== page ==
Psilocin (also known as 4-HO-DMT, 4-hydroxy DMT, 4-hydroxy-N,N-dimethyltryptamine) and psilocybin (4-phosphoryloxy-N,N-dimethyltryptamine) are similar forms of tryptamine alkaloids. 

These compounds work in the brain as serotonin "activators," which means they bind to and interact with serotonin receptors. Specifically, they attach to receptors like 5-HT2A, 5-HT2C, and 5-HT1A, which are all involved in regulating things like visual stimulation, decision-making, and mood. To use a metaphor, the receptors are like light-switches and the neurotransmitters flip these switches that control how you see things, make choices, and your mood.

Psilocybin isn’t active on its own. That’s because it has a phosphate chain attached to it. When you eat it, your body will work on the chemical through this process called dephosphorylation which removes that phosphate group. That’s when it converts into psilocin, which is the compound responsible for the psychoactive effects.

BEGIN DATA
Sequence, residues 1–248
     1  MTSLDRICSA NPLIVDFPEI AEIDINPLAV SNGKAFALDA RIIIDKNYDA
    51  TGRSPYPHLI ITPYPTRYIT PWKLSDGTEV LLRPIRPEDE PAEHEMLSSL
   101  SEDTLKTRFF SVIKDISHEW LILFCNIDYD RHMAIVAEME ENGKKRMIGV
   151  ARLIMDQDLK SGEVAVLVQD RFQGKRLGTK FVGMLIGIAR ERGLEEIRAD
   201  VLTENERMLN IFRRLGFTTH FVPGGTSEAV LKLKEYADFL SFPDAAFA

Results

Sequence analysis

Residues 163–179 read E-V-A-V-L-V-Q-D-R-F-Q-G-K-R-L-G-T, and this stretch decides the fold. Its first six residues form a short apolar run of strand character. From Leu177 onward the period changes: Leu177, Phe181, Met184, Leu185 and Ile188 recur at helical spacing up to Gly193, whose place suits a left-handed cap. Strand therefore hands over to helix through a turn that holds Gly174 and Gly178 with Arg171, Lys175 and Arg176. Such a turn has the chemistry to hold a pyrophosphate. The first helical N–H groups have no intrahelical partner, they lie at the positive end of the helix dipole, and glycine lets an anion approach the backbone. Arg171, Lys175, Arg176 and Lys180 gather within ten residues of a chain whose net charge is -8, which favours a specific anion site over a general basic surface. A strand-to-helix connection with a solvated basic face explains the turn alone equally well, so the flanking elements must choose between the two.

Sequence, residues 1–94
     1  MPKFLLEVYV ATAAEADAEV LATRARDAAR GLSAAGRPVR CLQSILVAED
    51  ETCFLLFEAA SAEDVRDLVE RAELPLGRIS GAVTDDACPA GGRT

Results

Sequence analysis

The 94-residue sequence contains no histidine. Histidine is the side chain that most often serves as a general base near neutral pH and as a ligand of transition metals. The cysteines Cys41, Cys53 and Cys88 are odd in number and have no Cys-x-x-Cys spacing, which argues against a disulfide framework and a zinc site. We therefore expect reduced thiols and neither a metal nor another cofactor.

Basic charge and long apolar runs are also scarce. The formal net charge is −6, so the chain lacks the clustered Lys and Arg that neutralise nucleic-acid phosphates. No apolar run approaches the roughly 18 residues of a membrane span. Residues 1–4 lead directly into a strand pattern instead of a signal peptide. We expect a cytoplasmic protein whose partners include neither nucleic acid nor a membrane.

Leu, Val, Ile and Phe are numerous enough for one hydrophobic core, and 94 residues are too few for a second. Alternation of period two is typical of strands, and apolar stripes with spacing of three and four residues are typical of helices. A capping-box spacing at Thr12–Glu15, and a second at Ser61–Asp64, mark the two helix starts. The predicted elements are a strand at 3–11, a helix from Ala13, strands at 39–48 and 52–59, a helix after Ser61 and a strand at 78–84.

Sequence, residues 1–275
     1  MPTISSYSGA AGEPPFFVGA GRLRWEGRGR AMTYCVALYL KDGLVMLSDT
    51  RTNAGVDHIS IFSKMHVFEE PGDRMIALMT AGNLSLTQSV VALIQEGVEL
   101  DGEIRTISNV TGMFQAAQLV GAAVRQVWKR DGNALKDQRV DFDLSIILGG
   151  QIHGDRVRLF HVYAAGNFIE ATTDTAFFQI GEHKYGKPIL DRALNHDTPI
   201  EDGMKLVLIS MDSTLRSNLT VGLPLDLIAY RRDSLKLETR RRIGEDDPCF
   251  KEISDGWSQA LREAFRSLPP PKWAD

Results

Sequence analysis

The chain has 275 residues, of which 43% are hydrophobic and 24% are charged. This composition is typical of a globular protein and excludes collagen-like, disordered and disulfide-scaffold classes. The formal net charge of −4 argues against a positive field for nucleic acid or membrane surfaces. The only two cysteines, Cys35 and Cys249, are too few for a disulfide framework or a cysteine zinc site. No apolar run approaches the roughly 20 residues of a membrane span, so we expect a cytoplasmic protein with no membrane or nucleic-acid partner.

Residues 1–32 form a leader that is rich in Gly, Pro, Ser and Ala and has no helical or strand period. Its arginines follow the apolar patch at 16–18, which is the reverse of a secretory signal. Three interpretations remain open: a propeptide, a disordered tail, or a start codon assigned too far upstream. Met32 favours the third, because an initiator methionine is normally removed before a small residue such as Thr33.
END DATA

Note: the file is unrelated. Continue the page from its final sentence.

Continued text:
Dosing

Dried mushrooms are the most common way to consume psilocybin containing mushrooms. Dosing ranges from micro-dosing to macro-dosing often referred to as a “heroic” dose. Most psilocybin mushrooms are at appromiately a 1% potency, with that assumption dosing is typically as follows:

  • Microdose: 0.1-0.3 gram 
  • Low dose: about 1 gram (10 mg of psilocybin)
  • Medium dose: about 1.75 grams (17.5 mg of psilocybin)
  • High dose: about 3.5 grams (35 mg of psilocybin)
  • Mega (maco) dose: 5 grams or more (50 mg of psilocybin)

Psilocybin and Psilocin Effects